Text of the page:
The minds behind Breaking Bad have spent too much time plotting a note-perfect ending to mar it with something so predictable and random as an accidental knife in the gut.

That much was obvious minutes later, as Cranston delivered a scene which should prove to even the most cursory viewer that this man is one of the finest actors on television (a tweet I posted on Twitter to that effect last night has gotten 136 retweets and counting). Walt had run from the home, grabbing their baby Holly – the moment when Skyler suggested her name, speaking to Walt as he was lying to cover up his first meth cook, was a poignant and telling flashback to start the episode.

Calling back to their house, he was silently crying while delivering a tough speech revealing his role in Hank’s death and promising she would get the same. My take: He knew he police were there listening in, and his tough-guy speech was his last effort to spare his family from the law enforcement crapstorm about to rain down on everyone in his life (pal Alyssa Rosenberg also points out that it neatly encapsulates the ugly attitudes of fans who have consistently dismissed Gunn’s Skyler in demeaning and misogynistic terms, even though such fans may not notice).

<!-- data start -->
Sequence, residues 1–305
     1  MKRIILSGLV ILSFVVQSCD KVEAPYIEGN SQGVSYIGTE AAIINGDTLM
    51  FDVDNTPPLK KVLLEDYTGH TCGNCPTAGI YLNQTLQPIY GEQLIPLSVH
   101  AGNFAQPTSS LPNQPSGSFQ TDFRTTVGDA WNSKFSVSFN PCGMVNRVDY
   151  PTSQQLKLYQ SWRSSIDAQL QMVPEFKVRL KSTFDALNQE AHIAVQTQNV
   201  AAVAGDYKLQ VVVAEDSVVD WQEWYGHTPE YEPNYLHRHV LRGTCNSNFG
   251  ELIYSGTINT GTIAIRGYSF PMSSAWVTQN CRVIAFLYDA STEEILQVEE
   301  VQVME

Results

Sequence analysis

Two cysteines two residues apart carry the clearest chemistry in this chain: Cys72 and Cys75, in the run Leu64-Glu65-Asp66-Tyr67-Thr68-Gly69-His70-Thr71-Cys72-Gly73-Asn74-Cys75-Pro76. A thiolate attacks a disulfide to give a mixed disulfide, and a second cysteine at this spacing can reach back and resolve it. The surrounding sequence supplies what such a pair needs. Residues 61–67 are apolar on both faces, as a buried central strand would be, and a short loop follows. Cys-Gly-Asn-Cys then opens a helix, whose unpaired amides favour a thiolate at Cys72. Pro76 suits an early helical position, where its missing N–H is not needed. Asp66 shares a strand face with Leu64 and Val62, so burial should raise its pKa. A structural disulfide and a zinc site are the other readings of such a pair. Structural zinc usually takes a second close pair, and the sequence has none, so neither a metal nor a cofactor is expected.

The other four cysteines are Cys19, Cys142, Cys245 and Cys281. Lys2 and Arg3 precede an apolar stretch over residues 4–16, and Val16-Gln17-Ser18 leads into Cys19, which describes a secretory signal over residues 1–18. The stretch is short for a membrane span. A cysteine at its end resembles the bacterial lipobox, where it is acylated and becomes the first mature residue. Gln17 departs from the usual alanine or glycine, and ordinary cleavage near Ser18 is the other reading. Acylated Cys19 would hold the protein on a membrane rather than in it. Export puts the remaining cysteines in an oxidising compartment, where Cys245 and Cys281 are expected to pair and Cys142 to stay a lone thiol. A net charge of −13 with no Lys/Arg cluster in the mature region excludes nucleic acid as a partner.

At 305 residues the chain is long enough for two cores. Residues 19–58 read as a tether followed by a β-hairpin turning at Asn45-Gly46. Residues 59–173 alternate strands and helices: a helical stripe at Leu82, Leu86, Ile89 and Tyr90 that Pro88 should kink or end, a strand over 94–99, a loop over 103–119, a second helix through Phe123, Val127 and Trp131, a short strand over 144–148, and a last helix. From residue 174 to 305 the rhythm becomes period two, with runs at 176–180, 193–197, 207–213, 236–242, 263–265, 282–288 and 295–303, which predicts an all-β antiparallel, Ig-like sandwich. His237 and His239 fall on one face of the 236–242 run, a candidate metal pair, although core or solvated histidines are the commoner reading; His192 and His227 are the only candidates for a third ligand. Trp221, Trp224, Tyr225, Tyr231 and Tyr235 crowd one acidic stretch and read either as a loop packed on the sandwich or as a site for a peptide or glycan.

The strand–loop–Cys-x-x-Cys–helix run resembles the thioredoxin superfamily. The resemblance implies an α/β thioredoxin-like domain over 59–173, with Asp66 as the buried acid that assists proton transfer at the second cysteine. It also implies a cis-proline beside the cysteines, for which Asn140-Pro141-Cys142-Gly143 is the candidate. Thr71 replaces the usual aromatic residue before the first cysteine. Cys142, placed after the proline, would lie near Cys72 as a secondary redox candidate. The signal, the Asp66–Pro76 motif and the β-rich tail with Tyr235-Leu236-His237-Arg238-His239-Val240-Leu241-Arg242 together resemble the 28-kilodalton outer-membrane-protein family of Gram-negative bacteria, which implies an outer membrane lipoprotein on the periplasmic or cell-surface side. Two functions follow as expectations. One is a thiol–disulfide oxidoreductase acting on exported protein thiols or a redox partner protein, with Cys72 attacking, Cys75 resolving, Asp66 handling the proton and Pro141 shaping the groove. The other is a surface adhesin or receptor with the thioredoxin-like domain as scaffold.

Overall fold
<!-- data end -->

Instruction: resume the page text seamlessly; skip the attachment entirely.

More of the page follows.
And since we already know, courtesy of “flash forward” scenes from earlier in the season, that a Walt with hair buys a nasty-looking assault rifle and retrieves a vial of ricin from his now-abandoned house, we are left to wonder: Is he going to go after the guys who killed Hank?

Compare all this subtlety and intricate, character-based plot development with Sunday’s episode of Showtime’s Dexter – which essentially turned on serial killer Dexter Morgan trying to dispatch another serial killer before escaping to Argentina with his serial killer girlfriend and son. That description, by the way, could also fit last week’s episode, too.

I have a few theories why the end of Dexter, which comes after eight seasons on Sunday, feels less momentous and creatively satisfying.

First, Dexter’s end comes many seasons after the show’s creative peak. John Lithgow’s turn in 2009 as the Trinity Killer -- featuring an ending where viewers assumed Michael C. Hall’s Dexter Morgan had gotten the best of Trinity, only to find he had killed Dexter’s wife before his own death – has never been equaled on the show.

Dexter is a plot-driven show to a fault. Which means every episode is focused on what happens next to the characters; if, for some reason, the plot begins to falter or feel derivative, there isn’t much else left to entertain viewers. And Dexter has been slowly maneuvering to leave the country with his girlfriend for a few episodes.